Review the materials…do it yourself, use a professional equestrian or legal counsel, but make certain you understand what each clause means and how it affects you and your horse.   If you do not, don’t be afraid to ask questions until you do.    If the owners can’t or won’t answer the questions to your satisfaction, don’t sign the agreement.

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Cost & Expenses

Purchasing Expenses


Price

Horses can cost anywhere from a few hundred dollars to hundreds of thousands of dollars. Of course, you can pay as much as you like and as expectations for the horse rise, so does the price. If you wish to compete you will need a horse that has been trained in your discipline. This adds to the purchase price. Experience, training and breeding all add to the purchase price.    Here are some very basic guidelines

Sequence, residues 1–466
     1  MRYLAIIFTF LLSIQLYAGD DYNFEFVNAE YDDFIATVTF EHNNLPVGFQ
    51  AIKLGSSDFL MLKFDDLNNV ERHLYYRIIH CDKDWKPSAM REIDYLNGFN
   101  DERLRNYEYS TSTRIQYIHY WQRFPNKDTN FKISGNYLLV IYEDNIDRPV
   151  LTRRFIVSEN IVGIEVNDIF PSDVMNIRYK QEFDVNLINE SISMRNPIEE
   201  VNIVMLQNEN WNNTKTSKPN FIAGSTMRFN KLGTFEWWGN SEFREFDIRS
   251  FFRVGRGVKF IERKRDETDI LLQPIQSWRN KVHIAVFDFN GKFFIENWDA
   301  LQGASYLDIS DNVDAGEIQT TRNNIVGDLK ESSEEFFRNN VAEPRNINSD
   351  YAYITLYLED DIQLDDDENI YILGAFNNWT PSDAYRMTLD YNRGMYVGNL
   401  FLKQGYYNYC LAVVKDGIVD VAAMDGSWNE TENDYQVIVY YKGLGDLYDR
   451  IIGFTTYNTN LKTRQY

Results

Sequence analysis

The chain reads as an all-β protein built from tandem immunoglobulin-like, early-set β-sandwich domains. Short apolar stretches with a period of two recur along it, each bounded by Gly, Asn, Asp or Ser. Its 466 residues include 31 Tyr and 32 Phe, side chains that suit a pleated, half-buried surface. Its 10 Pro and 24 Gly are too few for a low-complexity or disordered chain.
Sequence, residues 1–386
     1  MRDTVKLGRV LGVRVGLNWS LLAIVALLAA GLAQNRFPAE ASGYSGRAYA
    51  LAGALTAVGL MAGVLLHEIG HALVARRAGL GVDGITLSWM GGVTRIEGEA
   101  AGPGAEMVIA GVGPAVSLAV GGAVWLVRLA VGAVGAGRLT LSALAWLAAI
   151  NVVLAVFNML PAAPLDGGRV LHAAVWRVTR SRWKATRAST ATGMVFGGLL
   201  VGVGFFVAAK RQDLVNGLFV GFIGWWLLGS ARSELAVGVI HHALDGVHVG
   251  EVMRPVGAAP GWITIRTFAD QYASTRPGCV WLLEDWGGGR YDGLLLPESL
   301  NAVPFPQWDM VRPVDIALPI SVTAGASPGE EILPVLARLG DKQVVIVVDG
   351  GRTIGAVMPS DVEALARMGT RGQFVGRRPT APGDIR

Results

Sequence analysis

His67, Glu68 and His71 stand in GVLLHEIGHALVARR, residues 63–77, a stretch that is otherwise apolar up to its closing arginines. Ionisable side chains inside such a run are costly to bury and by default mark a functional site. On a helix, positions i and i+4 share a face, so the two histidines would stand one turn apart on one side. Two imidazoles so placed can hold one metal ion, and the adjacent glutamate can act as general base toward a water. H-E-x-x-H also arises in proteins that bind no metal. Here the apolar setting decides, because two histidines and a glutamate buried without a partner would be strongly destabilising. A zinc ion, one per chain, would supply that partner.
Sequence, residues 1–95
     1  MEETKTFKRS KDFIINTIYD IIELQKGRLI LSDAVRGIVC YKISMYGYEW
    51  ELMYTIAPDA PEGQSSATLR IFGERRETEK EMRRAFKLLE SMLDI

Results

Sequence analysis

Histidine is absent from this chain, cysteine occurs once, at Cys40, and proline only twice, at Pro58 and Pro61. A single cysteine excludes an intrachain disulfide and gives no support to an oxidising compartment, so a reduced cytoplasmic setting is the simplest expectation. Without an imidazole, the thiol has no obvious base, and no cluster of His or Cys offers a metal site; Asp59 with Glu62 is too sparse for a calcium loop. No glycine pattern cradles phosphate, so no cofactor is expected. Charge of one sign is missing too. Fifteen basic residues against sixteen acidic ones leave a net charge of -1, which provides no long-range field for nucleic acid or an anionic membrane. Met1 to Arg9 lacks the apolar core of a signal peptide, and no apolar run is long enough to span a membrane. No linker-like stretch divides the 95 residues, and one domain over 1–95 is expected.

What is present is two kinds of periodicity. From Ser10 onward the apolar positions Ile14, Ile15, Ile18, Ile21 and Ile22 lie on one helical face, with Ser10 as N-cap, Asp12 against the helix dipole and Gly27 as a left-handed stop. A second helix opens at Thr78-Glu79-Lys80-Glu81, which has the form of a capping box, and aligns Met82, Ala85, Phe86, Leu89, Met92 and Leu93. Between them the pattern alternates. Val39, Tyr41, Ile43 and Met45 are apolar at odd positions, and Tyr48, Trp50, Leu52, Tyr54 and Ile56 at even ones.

• Trail riding and pleasure - $500-$5,000.
  • Local Horse shows (C, B and unrated) - $5,000 - $25,000
  • Fox Hunting - $2500 - $40,000
  • “A” and “AA” rated shows - $25,000 - $250,000
  • National Competition - $50,000 - $1,000,000

Transportation

Shipping is expensive. If you do not have your own trailer, expect to pay 25¢-$1 a mile plus a loading/unloading fee of $25 - $50.    Long distance carriers will have a fixed cost that includes truck and driver/handler expenses.

Research

This may be as little as a few phone calls or 15%-20% of the purchase price to pay an agent. There may also be travel expenses if you are forced to shop out of town.    (One of the advantages of purchasing from FTF, we have done the research for you)

Pre Purchase Exam

This is recommended for every purchase. For a pleasure horse, this should be no more than $100. For a more thorough vetting for competition horses expect to pay $250-$500 and could reach $1000 if a full set of x-rays are done.